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Legislation Assemblyman John F. McKeon sponsored to crack down on motorists repeatedly caught driving with a license that was suspended due to a DUI offense was approved Monday by the Assembly.

The measure (A-4303) would impose mandatory jail time from six months to a year and make it a crime of the fourth degree – with fines up to $10,000 – for anyone caught driving under the influence while currently suspended for a previous DUI or previous refusal to take a breath test.

It would also apply to anyone caught driving two times or more while suspended for a DUI or refusal to take a breath test, even if they are not intoxicated.

“Driving under the influence is a serious offense and we must ensure that individuals who are charged with DUI offenses do not make the same mistake again,” said McKeon (D-West Orange). “By making penalties more stringent we are sending a clear message to DUI offenders that we will not tolerate behavior that jeopardizes the safety and welfare of not just themselves but innocent bystanders.”

Under current law, anyone caught driving with a suspended license is subject to a $500 fine and a license suspension of up to an additional six months. Anyone caught driving while suspended a second time is subject to a $750 fine, another six months license suspension and anywhere from one to five days in county jail. Third or subsequent offenders are subject to $1000 fine, another six months license suspension and 10 days in county jail.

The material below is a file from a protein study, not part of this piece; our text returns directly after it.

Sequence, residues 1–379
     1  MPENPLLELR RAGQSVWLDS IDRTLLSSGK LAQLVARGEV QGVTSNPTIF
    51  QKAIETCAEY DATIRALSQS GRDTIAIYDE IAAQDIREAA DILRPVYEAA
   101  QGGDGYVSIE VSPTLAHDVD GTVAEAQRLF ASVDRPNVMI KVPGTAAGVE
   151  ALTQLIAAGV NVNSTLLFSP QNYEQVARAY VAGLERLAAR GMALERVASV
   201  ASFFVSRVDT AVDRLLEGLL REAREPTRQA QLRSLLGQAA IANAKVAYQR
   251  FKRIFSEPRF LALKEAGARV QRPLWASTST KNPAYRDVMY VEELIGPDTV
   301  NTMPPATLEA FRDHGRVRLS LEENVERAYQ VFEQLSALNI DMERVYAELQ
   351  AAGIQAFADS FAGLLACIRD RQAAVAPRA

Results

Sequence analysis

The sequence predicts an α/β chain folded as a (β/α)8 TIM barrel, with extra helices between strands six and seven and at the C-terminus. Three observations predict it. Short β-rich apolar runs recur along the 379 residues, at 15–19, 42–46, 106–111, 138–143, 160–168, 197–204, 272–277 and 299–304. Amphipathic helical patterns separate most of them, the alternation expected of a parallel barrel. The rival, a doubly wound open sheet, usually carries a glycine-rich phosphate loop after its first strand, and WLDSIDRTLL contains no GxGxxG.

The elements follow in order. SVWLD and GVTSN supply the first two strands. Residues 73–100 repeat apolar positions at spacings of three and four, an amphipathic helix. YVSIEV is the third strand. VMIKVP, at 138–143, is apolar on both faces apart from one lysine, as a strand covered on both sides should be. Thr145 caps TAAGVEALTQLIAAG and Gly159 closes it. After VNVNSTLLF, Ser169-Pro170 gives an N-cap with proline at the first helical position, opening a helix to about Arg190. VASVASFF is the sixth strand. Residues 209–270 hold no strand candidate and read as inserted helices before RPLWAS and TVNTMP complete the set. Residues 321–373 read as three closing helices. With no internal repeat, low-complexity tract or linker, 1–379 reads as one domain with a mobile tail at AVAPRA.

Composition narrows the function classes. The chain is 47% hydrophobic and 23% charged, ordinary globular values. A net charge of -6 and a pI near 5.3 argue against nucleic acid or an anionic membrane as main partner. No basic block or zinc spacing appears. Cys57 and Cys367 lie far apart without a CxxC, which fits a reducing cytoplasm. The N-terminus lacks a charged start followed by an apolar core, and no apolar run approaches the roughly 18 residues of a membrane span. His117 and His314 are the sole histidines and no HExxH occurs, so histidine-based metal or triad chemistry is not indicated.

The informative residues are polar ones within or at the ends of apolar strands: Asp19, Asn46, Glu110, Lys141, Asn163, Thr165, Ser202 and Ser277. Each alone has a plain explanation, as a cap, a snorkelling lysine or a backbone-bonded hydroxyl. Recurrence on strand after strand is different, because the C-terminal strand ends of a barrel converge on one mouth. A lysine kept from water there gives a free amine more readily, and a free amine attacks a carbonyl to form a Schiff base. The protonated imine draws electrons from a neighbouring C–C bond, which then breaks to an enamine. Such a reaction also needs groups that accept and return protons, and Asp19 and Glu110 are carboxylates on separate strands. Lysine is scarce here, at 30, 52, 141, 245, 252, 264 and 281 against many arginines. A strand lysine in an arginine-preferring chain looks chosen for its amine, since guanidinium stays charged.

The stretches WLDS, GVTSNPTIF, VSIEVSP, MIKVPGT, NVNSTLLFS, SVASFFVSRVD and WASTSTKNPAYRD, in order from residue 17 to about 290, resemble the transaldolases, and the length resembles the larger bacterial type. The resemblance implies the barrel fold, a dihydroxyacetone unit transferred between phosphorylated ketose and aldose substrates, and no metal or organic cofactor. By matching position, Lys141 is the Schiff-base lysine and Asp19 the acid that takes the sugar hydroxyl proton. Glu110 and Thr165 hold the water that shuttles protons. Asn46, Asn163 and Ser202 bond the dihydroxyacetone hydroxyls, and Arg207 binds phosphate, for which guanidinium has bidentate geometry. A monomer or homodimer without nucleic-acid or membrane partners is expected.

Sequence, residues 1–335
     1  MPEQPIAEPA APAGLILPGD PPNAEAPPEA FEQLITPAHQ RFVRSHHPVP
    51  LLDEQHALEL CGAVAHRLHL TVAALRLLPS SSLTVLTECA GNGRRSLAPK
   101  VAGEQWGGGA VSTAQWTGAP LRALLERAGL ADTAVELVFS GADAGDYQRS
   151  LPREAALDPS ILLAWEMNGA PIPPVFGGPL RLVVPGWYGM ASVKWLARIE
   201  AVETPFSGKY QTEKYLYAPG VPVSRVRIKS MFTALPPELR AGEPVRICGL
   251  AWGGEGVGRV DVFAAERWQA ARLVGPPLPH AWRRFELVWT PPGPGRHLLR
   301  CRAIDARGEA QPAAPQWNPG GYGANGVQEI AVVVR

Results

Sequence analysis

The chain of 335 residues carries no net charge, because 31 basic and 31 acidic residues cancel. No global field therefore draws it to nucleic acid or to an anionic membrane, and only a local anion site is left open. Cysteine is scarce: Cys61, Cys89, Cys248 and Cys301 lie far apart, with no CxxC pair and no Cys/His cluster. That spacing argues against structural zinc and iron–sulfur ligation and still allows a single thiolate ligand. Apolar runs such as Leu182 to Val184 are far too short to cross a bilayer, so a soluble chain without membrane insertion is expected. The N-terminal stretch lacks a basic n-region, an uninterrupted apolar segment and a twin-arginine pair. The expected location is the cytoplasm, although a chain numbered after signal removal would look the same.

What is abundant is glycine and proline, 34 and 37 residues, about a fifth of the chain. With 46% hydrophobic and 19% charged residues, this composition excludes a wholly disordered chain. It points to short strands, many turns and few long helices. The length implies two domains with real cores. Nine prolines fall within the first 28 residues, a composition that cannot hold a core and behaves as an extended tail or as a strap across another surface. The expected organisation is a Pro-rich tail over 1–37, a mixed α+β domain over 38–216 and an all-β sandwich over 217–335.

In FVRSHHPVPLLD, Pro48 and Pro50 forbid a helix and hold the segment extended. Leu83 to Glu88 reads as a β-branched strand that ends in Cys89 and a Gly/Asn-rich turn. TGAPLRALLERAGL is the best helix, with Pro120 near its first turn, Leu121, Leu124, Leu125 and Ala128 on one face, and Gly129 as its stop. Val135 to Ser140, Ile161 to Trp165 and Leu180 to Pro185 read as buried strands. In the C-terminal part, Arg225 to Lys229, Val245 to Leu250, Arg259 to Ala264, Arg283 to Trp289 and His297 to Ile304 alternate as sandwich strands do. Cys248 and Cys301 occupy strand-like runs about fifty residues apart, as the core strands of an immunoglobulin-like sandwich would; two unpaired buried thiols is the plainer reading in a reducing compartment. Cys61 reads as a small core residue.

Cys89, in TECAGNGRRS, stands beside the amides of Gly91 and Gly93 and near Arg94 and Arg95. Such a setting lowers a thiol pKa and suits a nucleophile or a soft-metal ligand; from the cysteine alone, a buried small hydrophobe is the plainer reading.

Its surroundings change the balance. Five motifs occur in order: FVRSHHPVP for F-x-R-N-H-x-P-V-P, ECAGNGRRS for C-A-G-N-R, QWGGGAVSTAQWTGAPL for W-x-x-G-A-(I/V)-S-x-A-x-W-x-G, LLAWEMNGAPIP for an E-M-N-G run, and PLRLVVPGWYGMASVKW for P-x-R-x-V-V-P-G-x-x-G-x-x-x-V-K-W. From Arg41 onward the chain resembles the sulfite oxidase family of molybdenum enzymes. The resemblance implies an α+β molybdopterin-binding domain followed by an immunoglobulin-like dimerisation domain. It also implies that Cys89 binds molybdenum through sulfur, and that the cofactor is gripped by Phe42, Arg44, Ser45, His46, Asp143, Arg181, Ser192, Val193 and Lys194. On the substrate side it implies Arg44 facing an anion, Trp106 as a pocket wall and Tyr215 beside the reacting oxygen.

McKeon also sponsored a bill (A-4202) that was approved by the Assembly last month to impose a fine of $1,000, up to 15 days of jail time or both for anyone who knowingly lends their vehicle to someone with a license suspended license due to a DUI conviction or refusal to take a breath test.

These penalties would apply to the first and second time an individual is caught loaning their car under the above circumstances. If an individual is caught violating this bill a third time or more, they would get a $1,000 fine, up to 15 days jail time and forfeit their own driving privileges for 90 days.

Under current law, this type of offense only carries penalties ranging from $200 to $500 and up to 15 days in jail.

McKeon teamed up with Sens. Richard J. Codey, Barbara Buono and John Girgenti to craft legislation in response to reports released this summer of an East Rutherford man who injured another man and his young daughter in a DUI-related accident. The driver was later found to have 12 previous DUI convictions and 78 license suspensions.

“Making the irresponsible choice to drive while under the influence is a decision that should never be repeated,” said McKeon. “By imposing stiff penalties and jail time, we are deterring repeat drunk drivers and individuals who loan their own vehicles to DUI offenders who have a suspended license from repeating this reckless behavior.”

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